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Nazi-era restitution claims are just the tip of the iceberg

7 December 2015

Looting in time of war has been illegal internationally since the 1907 Hague Convention but continued to occur throughout the 20th century. Public awareness of resultant claims to works of art, however, is typically limited to Nazi confiscations. In fact, the breadth of historic claims extends geographically and chronologically far beyond that, but other instances are little discussed and their impact on public and private art collections has not been resolved.

Germany has developed a justifiable reputation for mismanagement of cultural property within its borders. Nazi-era restitution claims, and the backlash against the stringent restrictions on the export of cultural assets proposed by the government this summer, are widely known. But other claims resulting from government intervention between the Second World War and today are less widely reported, despite posing a similar risk to the art market.

Take the successors of the Nazis in the German Democratic Republic. In 1973, in an attempt to solve its mounting debt problems, the state reportedly created a task force of ‘art investigators’ within the Stasi to source cultural assets which were then sold to Western buyers. In the subsequent two decades, it is believed about 200 collectors were falsely accused of being dealers and of evading taxes, forcing them to surrender their cultural assets to the authorities. Few have received compensation, fewer still have managed to trace and recover artworks that were sold abroad.

Germany, however, is not alone in struggling to resolve such issues. As the Red Army marched towards Berlin in the last days of the Second World War, specially appointed teams appropriated cultural assets ranging from Impressionist masterpieces to Trojan gold treasures as compensation for damages caused in Soviet territory by the Nazis. According to German authorities, Russia still holds over a million of these artworks in state museums, having declared itself their rightful owner in 1996. Others, seized by high-ranking Soviet officials for their personal gain, are certainly hanging in private collections.

Historic claims have arisen from civil unrest further afield. Throughout the 1960s, Cuba’s new government seized cultural assets left behind by collectors fleeing the revolution. Many works were placed in national museums: the former home of the exiled Gómez-Mena family and its contents now make up the Museo de Artes Decorativas de la Habana. Others were smuggled abroad and sold at auction to profit the state. Unlike the Nazi government, the Cuban Communist government is currently recognised as official; therefore its confiscations are viewed within the framework of national sovereignty. Should any doubt be cast on the legitimacy of those actions, Cuban exiles will be able to pursue restitution efforts in Cuban courts.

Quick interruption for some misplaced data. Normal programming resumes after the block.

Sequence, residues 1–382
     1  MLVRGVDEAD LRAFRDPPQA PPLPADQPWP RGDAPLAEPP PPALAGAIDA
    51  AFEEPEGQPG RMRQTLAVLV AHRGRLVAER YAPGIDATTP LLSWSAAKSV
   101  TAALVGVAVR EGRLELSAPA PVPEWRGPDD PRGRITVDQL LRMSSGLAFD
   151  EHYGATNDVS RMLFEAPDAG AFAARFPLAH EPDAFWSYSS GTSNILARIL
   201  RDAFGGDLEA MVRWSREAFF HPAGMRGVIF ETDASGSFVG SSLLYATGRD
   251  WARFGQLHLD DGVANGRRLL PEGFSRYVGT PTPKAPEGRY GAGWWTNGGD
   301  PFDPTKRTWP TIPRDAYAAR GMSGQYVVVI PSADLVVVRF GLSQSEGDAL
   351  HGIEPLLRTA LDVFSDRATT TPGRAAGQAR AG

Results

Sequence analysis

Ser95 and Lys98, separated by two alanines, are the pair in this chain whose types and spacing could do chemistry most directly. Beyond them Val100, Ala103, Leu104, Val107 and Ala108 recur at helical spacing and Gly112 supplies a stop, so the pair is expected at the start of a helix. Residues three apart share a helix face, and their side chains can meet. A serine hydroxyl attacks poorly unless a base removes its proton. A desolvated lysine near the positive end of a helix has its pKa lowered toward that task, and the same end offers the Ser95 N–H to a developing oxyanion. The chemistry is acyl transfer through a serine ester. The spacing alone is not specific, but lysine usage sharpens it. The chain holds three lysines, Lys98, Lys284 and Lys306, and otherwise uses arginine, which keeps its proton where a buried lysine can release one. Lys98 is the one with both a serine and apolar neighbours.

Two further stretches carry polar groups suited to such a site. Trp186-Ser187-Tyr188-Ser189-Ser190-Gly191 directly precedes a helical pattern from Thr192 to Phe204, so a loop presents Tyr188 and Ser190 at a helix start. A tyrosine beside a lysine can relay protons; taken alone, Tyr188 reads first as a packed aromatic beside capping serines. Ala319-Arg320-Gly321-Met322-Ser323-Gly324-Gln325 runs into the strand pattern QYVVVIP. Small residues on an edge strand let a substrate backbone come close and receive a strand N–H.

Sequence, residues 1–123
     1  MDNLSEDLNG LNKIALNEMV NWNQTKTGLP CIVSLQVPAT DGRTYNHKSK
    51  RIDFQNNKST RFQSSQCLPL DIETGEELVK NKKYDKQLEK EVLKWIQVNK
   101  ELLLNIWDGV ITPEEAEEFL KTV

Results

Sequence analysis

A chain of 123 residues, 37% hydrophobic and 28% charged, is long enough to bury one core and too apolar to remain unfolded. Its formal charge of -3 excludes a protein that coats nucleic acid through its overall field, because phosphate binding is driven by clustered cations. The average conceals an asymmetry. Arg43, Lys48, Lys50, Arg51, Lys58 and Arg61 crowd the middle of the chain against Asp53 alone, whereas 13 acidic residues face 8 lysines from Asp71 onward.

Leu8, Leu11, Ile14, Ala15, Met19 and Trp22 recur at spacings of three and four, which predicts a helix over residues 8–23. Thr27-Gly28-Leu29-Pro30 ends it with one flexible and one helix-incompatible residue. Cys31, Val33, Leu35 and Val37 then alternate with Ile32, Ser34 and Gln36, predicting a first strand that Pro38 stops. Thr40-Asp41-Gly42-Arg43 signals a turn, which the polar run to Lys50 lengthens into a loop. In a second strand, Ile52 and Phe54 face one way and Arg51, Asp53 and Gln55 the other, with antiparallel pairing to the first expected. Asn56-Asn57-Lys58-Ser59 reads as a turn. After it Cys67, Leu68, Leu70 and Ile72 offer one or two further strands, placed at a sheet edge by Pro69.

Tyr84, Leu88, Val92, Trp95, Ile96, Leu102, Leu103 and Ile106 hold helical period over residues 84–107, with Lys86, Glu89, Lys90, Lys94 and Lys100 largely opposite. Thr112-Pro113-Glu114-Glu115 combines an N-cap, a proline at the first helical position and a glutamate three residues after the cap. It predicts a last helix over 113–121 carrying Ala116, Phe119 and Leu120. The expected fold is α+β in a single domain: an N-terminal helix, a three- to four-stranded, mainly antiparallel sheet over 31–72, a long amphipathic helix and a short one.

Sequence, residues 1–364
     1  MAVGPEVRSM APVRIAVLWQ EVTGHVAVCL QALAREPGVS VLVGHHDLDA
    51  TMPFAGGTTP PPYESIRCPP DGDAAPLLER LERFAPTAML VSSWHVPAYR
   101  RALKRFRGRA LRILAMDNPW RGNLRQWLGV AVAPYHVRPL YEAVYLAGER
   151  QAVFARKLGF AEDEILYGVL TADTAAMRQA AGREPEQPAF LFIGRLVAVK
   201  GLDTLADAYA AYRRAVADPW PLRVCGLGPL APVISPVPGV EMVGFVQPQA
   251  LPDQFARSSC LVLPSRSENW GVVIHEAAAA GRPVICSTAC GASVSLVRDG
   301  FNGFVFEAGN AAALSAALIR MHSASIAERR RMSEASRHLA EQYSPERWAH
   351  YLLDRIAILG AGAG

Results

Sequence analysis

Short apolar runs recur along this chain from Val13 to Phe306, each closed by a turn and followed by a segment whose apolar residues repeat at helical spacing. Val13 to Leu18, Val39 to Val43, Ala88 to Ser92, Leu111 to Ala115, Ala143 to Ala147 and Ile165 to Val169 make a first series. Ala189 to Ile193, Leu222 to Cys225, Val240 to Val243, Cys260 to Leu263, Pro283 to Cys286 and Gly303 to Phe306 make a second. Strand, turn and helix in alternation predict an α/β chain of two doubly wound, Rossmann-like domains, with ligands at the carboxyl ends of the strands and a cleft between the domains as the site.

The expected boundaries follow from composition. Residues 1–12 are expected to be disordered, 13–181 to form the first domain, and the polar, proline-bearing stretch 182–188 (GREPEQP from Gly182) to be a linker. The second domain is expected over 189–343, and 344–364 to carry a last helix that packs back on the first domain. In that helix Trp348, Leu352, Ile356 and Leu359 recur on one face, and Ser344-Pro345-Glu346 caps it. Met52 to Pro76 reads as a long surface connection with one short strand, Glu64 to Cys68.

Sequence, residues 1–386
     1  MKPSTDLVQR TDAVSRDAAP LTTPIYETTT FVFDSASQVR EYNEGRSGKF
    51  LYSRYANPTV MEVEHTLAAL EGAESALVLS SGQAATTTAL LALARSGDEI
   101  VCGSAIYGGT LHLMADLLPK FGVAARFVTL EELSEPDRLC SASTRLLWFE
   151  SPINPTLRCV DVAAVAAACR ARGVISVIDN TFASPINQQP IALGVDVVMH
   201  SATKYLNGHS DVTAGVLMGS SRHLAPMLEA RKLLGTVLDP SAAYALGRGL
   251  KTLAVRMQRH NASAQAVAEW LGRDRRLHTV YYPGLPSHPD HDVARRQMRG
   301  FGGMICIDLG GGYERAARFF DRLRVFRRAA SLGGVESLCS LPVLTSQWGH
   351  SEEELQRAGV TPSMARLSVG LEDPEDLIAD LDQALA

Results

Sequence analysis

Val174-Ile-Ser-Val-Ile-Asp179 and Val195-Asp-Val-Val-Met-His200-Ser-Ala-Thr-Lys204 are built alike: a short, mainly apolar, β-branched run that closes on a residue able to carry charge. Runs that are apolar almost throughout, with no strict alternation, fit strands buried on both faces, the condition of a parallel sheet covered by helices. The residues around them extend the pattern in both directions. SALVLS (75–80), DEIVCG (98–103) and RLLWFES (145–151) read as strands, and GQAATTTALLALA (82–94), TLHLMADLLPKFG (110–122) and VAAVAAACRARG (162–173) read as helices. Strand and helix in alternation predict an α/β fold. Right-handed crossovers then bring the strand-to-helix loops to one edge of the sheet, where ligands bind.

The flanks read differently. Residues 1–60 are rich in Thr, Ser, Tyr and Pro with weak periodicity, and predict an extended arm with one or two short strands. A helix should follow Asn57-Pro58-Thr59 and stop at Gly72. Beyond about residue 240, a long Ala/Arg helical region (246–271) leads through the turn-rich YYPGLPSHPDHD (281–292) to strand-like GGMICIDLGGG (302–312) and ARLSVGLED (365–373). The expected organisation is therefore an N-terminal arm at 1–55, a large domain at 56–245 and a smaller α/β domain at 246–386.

But 20th-century plunder has not been motivated solely by financial gain. The Empire of Japan in the first half of the century and Iraq in its last decade plundered Southeast Asia and Kuwait respectively for imperialist motivations, dispersing collections from occupied territories into private collections across the world. Almost 500 artefacts are still missing from Kuwait’s National Museum alone.

Even as you read this, the terrorist group Daesh (or the self-styled Islamic State) is plundering museums, private homes, religious institutions and archaeological sites in Iraq and Syria to destroy or sell cultural assets. Similarly, Cambodia’s civil war of the 1970s saw paramilitary groups looting archaeological sites to sell sculptures for profit. Some artefacts were purchased by illustrious institutions including the Metropolitan Museum of Art in New York, and others have turned up at Christie’s and Sotheby’s (both the Met and the auction houses have subsequently returned Cambodian statuary to the country). However, many have ended up in private collections.

These are the historic claims of tomorrow. In each case discussed, there has been insufficient commitment to returning to their rightful owners – be they private collectors or public institutions – cultural assets that were seized en masse. The legislation concerning cultural assets and the awareness of legitimate ownership claims needs to be improved worldwide, to protect both victims of past crime and current buyers of art.